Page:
In our current angst over terrorism and extremism, I think it is important to understand the motivation of the agents behind the evil acts if we are ever to remedy the situation. The observable element of evil (actus reus) is the harm done to innocent individuals. However, in order to prevent evil acts, we must understand the motivation behind the evil (mens rea). The Radiolab podcast “The Bad Show” gives an excellent survey of the possible varieties of evil. I will categorize evil into three types, each with increasing global impact. The first is the compulsion or desire within an individual to harm another. This is what motivates serial killers like the one described in the show. Generally, such evilness will be isolated and the impact will be limited albeit grisly. The second is related to what philosopher Hannah Arendt called “The Banality of Evil.” This is an evil where the goal of the agent is not to inflict harm per se as in the first case but in the process of pursuing some other goal, there is no attempt to avoid possible harm to others. This type of sociopathic evil is much more dangerous and widespread as is most recently seen in Volkswagen’s fraudulent attempt to pass emission standards. Although there are sociopathic individuals that really have no concern for others, I think many perpetrators in this category are swayed by cultural norms or pressures to conform. The third type of evil is when the perpetrator believes the act is not evil at all but a means to a just and noble end. This is the most pernicious form of evil because when it is done by “your side” it is not considered evil. For example, the dropping of atomic bombs on Japan was considered to be a necessary sacrifice of a few hundred thousand lives to end WWII and save many more lives.

I think it is important to understand that the current wave of terrorism and unrest in the Middle East is motivated by the third type. Young people are joining ISIS not because they particularly enjoy inflicting harm on others or they don’t care how their actions affect others, but because they are rallying to a cause they believe to be right and important. Many if not most suicide bombers come from middle class families and many are women. They are not merely motivated by a promise of a better afterlife or by a dire economic situation as I once believed. They are doing this because they believe in the cause and the feeling that they are part of something bigger than themselves. The same unwavering belief and hubris that led people to Australia fifty thousand years ago is probably what motivates ISIS today. They are not nihilists as many in the west believe. They have an entirely different value system and they view the west as being as evil as the west sees them. Until we fully acknowledge this we will not be able to end it.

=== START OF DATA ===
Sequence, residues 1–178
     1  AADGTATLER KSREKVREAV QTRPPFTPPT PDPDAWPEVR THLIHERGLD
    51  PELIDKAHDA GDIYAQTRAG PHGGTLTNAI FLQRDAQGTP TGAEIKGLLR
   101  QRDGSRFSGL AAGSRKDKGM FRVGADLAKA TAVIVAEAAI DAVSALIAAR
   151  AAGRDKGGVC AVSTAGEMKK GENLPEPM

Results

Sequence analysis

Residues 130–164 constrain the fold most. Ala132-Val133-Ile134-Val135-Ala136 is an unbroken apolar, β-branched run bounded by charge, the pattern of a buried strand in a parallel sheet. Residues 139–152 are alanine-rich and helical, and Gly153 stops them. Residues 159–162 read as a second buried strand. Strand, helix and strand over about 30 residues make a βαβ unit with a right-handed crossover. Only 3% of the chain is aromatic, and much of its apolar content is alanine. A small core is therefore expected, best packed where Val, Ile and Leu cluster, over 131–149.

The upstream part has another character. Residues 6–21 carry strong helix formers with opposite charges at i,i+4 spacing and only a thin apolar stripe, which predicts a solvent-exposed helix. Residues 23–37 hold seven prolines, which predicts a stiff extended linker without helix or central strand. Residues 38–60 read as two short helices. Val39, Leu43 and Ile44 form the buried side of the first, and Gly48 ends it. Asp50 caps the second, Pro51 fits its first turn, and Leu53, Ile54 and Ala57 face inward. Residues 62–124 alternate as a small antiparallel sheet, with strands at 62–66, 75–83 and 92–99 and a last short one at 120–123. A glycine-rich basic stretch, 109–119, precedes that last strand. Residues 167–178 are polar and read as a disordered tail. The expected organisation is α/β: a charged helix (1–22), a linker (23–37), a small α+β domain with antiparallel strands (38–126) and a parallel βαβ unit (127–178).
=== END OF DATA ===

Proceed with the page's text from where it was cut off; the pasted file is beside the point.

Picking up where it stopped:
Why science is hard to believe

Here is an excerpt from a well written opinion piece by Washington Post columnist Joel Achenbach:

Washington Post: We live in an age when all manner of scientific knowledge — from the safety of fluoride and vaccines to the reality of climate change — faces organized and often furious opposition. Empowered by their own sources of information and their own interpretations of research, doubters have declared war on the consensus of experts. There are so many of these controversies these days, you’d think a diabolical agency had put something in the water to make people argumentative.

Science doubt has become a pop-culture meme. In the recent movie “Interstellar,” set in a futuristic, downtrodden America where NASA has been forced into hiding, school textbooks say the Apollo moon landings were faked.

I recommend reading the whole piece.

The demise of the American cappuccino

When I was a post doc at BU in the nineties, I used to go to a cafe on Commonwealth Ave just down the street from my office on Cummington Street. I don’t remember the name of the place but I do remember getting a cappuccino that looked something like this:cappuccinoNow, I usually get something that looks like this:   dry cappuccino Instead of a light delicate layer of milk with a touch of foam floating on rich espresso, I get a lump of dry foam sitting on super acidic burnt quasi-espresso. How did this unfortunate circumstance occur? I’m not sure but I think it was because of Starbucks. Scaling up massively means you get what the average customer wants, or Starbucks thinks they want. This then sets a standard and other cafes have to follow suit because of consumer expectations. Also, making a real cappuccino takes training and a lot of practice and there is no way Starbucks could train enough baristas. Now, I’m not an anti-Starbucks person by any means. I think it is nice that there is always a fairly nice space with free wifi on every corner but I do miss getting a real cappuccino. I believe there is a real business opportunity out there for cafes to start offering better espresso drinks.